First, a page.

With the end of the Cold War and the collapse of the Soviet Union and Warsaw Pact, the NATO alliance could have folded, and maybe should have folded with its raison d’etre gone. But not only did the alliance continue, it aggressively pursued an expanded membership base and broader non-member relationships under the Partnership Action Plan. Attempts to bring Ukraine and Georgia into NATO, and partnerships with Azerbaijan, Armenia, Kazakhstan, and Moldova caused considerable angst in Russia where they were seen treading on the Russian sphere of influence.

But as NATO has become wider, it has become shallower and less able to meet its own standards for the defense of its members. And a weak NATO may in fact be worse than no NATO at all, inviting aggression against it. Russia, for all its bluster, still fears NATO encirclement and does not trust the United States. Leaving NATO in a posture where it lacks any real ability to fight is the worst of all possible worlds.

No one can say what NATO would do under conditions of an actual attack. We do know that when the U.S. was attacked on September 11, 2001, it asked NATO to consider it to be an attack under Article V. NATO agreed that the United States was attacked but did not determine that the attack was directed from abroad.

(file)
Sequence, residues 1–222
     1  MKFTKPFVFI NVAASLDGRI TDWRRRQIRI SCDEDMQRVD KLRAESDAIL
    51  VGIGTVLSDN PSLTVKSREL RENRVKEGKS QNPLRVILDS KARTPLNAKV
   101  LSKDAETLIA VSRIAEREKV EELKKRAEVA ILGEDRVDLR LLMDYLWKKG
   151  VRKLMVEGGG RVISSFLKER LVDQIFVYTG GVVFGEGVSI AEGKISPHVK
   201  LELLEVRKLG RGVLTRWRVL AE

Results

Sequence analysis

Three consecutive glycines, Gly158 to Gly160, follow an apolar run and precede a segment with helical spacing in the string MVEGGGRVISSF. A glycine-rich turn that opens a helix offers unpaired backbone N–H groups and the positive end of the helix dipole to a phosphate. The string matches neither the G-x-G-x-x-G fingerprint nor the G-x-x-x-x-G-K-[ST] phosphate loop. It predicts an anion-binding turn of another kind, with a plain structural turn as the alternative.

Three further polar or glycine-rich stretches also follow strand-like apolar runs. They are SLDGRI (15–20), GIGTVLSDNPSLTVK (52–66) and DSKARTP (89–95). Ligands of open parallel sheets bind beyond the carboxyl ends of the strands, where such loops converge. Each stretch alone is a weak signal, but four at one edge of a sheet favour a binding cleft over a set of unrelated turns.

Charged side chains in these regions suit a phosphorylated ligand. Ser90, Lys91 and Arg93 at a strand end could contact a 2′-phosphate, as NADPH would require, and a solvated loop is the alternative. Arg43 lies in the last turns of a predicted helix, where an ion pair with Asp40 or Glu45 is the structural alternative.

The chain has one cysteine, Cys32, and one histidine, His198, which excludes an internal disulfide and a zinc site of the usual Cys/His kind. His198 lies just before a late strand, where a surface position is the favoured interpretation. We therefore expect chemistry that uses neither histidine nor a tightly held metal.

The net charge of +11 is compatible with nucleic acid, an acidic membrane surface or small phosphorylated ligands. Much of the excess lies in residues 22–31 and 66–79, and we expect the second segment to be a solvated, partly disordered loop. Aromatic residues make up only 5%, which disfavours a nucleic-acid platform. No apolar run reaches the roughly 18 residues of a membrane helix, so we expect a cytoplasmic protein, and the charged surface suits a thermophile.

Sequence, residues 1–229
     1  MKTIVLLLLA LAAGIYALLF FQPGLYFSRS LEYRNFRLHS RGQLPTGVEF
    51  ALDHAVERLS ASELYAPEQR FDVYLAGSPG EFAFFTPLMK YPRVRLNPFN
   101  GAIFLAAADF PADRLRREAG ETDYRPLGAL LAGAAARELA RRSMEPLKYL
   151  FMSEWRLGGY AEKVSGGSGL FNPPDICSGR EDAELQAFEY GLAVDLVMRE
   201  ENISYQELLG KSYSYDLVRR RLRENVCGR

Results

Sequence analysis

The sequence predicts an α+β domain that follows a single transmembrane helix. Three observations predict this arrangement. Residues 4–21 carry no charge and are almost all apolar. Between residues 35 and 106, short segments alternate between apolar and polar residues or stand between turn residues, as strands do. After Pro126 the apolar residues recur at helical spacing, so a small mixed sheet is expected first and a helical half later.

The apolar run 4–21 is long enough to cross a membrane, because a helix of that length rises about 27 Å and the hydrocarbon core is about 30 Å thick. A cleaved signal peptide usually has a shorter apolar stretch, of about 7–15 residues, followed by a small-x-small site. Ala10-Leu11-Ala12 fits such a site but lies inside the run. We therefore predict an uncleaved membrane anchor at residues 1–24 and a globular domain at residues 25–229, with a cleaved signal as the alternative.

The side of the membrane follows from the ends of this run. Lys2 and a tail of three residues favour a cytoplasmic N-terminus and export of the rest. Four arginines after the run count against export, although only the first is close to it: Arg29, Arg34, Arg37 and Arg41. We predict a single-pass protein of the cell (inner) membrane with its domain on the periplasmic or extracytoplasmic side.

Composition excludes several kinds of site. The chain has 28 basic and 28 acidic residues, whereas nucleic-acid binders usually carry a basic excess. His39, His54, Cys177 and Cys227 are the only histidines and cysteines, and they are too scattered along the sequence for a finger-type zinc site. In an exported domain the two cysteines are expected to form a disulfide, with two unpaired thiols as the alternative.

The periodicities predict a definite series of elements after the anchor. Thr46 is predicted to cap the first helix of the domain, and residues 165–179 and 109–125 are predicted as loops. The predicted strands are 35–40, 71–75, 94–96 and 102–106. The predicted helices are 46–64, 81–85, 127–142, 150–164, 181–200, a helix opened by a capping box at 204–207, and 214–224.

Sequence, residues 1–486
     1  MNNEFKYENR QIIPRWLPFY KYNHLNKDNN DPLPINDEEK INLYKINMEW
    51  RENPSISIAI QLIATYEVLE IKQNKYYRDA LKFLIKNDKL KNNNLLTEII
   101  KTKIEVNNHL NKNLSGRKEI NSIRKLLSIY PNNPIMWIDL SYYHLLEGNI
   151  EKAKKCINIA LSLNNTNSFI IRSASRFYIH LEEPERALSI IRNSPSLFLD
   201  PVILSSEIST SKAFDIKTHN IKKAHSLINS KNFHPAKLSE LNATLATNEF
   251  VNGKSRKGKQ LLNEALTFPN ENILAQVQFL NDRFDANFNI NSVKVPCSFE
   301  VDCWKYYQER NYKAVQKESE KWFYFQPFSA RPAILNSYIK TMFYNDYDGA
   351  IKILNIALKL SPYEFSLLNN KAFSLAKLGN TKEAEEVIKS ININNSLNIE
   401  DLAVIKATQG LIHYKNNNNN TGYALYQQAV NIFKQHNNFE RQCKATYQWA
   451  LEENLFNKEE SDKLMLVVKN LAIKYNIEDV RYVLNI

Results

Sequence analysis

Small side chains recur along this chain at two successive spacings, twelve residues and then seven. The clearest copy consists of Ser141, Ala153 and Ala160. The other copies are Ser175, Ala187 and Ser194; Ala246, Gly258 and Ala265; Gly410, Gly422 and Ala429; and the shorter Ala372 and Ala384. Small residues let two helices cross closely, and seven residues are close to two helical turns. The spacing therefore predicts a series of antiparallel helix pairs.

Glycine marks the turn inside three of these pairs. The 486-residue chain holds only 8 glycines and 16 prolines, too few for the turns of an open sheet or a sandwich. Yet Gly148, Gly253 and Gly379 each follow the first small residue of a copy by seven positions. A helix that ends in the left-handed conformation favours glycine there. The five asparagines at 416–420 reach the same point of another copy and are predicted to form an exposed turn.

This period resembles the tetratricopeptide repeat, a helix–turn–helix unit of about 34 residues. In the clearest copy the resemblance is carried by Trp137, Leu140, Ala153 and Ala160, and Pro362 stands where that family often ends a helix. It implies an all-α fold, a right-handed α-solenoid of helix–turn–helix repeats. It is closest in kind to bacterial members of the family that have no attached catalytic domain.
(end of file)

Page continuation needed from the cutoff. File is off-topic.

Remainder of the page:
Therefore NATO did not see the 9/11 attacks on the U.S. as qualifying under Article V. Since 9/11 there have been a number of attacks on NATO member countries by terrorist organizations with clear foreign connections. NATO has remained inert.

Article V, furthermore, presumes that it is a state actor that leads the attack. As the Russians have amply demonstrated in Ukraine, non-state surrogates can always be used to accomplish state goals. While Russia’s backing of these non-state actors is clear, would that be enough to trigger a NATO response were Ukraine a NATO member? If the precedent of 9/11 is any guide, the answer is that such a surrogate attack would not qualify.

This is only one of the weaknesses in NATO’s collective defense agreement.

Another is that Article V allows for member states to decide what response is appropriate, whether military force or short of that. This is particularly important because presumed front line states, such as Poland or Estonia, could be exposed to political-military subversion, some of it involving armed violence, which under NATO rules would not trigger an Article V reaction.

A cyber attack on critical infrastructure, even when the source is known (as it surely was in Estonia), is apparently not an attack under Article V because it is not what is conventionally thought of as an “armed attack.” Suppose, instead, the Russians decided to use an EMP attack (electro-magnetic pulse)? Would that be actionable under Article V? The truth is that NATO has never tested the definition of “armed attack,” while demonstrating a strange variability when it came to protecting the United States after 9/11.